Thursday, October 26, 2006
Last week, the members of the Local Agency Formation Commissioners (LAFCO) seemed to borrow a page from the playbook of the County Board of Supervisors—citing the threat of a lawsuit to deny Carmel Valley residents a vote on incorporation.
Five of the seven commissioners (including County Supervisors Lou Calcagno and Jerry Smith, who also sit on the LAFCO board) voted on Wednesday, Oct. 18, to require an Environmental Impact Report before a vote can go forward.
In doing so, they reversed a unanimous decision they made last December, which said such a report would be unnecessary. They also ignored an independent experts’ report, which said the same thing. And they also ignored their own executive officer’s recommendation.
Commissioners did, however, heed a letter from attorney Tony Lombardo, which said “an environmental impact report on the proposal to incorporate Carmel Valley must be prepared.” Lombardo represents numerous property owners in and near the mouth of Carmel Valley. While his letter contained no threat to sue, Lombardo warned in a previous letter, dated May 22, that allowing an incorporation vote would “likely violate state law.”
Shortly after receiving that letter, LAFCO officials asked incorporation proponents for an indemnification agreement—intended to protect LAFCO, the county and cities against potential legal challenges—plus a $500,000 deposit as a guarantee. The request for the $500,000 was later withdrawn.
Kate McKenna, LAFCO’s executive officer, said then: “We have received several statements regarding potential litigation from different sources.”
In addition to footing the bill for the EIR, proponents will also have to pay for a fiscal analysis, a service plan update and some LAFCO staff and legal costs. These new costs will total around $365,000, in addition to the $150,000 proponents have spent to date.
Instead of voting on the issue next June, Carmel Valley residents aren’t likely to see the proposal on the ballot for another three and a half years.
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On Monday, Oct. 23, LAFCO commissioners heard testimony from incorporation proponents demanding that they reconsider last week’s decision and allow the proposal to go to a public vote. Instead, commissioners railed against the opinion that they are trying to kill the residents’ right to vote.
Commissioner Ralph Rubio, who is also mayor of Seaside, said he didn’t believe the studies to date, including the fiscal analysis that said Carmel Valley would be financially feasible as a town.
“I believe the financial data is wrong,” he said. “Sure, they’re experts, and they can be wrong.”
Commissioners directed staff to produce a plan to move forward quickly with the EIR and other new reports. But they didn’t convince many that their intentions were pure.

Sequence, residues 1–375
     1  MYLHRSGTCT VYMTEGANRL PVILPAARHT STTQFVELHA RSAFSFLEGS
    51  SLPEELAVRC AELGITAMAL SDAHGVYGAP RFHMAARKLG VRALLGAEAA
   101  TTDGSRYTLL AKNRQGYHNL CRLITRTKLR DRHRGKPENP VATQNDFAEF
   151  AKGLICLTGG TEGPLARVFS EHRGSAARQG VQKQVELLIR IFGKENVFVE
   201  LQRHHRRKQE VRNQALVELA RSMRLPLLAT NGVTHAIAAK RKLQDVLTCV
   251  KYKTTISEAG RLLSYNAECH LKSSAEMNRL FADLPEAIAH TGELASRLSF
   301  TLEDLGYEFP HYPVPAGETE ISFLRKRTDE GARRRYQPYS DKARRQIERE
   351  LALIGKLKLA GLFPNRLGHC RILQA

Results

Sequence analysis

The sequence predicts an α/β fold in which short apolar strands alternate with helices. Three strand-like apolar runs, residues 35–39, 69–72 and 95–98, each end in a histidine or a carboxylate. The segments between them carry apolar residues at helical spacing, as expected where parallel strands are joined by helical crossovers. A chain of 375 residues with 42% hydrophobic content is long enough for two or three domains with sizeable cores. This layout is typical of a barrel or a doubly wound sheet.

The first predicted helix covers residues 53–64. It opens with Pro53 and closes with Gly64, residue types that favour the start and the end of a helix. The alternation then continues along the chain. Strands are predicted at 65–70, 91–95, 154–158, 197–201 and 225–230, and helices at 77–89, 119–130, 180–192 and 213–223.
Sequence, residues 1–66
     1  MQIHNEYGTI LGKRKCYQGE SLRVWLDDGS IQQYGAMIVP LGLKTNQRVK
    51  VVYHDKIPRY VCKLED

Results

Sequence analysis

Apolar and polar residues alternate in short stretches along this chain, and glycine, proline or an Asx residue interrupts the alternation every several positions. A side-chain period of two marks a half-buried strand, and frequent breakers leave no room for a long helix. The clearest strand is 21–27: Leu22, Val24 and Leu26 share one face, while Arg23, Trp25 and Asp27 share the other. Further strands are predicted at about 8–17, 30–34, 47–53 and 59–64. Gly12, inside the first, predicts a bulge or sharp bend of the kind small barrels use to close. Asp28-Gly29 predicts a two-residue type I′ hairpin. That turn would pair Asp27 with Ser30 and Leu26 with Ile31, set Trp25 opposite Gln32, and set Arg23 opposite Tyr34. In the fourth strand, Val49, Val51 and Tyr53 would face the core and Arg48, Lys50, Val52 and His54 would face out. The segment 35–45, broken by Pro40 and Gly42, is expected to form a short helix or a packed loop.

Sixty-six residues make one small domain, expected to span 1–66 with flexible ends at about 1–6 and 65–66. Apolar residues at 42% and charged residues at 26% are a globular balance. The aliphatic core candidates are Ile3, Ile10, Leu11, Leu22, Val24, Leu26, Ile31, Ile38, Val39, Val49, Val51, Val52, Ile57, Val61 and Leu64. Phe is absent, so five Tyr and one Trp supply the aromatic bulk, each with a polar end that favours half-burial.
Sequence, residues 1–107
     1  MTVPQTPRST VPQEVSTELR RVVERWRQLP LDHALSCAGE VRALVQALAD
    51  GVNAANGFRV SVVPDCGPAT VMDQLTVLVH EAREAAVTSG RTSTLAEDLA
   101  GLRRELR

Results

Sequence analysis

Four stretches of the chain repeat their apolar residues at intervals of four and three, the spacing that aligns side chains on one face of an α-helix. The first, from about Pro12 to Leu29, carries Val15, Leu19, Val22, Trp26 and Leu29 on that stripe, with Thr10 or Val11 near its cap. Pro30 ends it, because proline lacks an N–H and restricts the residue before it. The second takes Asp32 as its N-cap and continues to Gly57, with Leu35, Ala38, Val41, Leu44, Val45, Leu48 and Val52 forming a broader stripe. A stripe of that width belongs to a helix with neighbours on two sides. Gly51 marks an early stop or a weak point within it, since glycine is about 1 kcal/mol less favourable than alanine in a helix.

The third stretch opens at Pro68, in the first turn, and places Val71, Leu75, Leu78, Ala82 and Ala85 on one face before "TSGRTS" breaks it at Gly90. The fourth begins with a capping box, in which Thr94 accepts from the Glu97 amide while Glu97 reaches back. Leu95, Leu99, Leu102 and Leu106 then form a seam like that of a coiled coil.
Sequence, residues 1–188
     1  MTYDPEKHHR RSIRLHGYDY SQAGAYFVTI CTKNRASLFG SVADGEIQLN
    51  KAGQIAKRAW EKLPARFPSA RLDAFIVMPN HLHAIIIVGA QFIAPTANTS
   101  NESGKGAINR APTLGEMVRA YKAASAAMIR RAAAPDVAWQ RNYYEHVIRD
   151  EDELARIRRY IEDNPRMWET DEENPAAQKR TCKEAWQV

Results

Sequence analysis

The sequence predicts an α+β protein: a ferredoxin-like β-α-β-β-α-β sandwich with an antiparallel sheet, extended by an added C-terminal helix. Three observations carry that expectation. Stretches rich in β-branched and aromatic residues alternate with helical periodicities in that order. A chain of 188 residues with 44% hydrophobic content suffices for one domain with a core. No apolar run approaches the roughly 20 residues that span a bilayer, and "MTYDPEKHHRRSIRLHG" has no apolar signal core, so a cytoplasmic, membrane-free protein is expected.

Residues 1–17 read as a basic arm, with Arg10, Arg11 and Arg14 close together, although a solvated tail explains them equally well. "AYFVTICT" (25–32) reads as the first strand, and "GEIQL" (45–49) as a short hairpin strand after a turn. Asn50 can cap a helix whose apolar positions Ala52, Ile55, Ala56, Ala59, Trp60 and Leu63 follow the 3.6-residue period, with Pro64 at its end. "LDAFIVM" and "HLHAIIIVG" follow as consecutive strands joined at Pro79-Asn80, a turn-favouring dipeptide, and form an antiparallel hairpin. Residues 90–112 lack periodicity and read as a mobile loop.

“We’ve tried to play by the rules. We’ve done it for six years. Now, they want us to start from scratch,” said incorporation proponent Mike McMillan. “It’s going to be long and expensive.”
Incorporation proponents say they haven’t ruled out filing a lawsuit against LAFCO.
In 2005, attorney Michael Stamp, on behalf of the pro-incorporation group Carmel Valley Forum, sent letters to LAFCO arguing that the incorporation is “categorically exempt” from laws requiring an EIR because it is not a project that will have an environmental impact.
Experts from PMC, an independent land-use consulting firm hired by LAFCO, agreed that leaving the jurisdiction of Monterey County to form a separate town is not a development project.
“It’s a paper transaction,” says incorporation proponent John Dalessio. “There is nothing to analyze. Once the town gets started, the first thing it has to do is a General Plan, and that requires an EIR. That is the logical time for it.”
At the Oct. 23 meeting, Commissioner Anne McGown, a Carmel Valley-based environmental attorney, cited the California Environmental Quality Act, which sets the rules for EIRs. “As a seasoned CEQA lawyer, I do not recall any evidence that would require a full EIR,” she told her fellow commissioners.
Ultimately, the majority of the panel paid more attention to Lombardo, who usually argues against requiring EIRs.
“My vote didn’t come as a vote against incorporation,” Calcagno said. “My vote said we need an environmental document. You can say we stopped the election. If we would have had a lawsuit, you wouldn’t have had an election anyway.”
To many meeting attendees, the outcome looked familiar.
“They are four for four now,” said Dalessio, referring to three decisions by County Supervisors that had the effect of preventing public votes—on Rancho San Juan, Butterfly Village and the General Plan Initiative.
“And now, the latest one is Carmel Valley,” Dalessio said.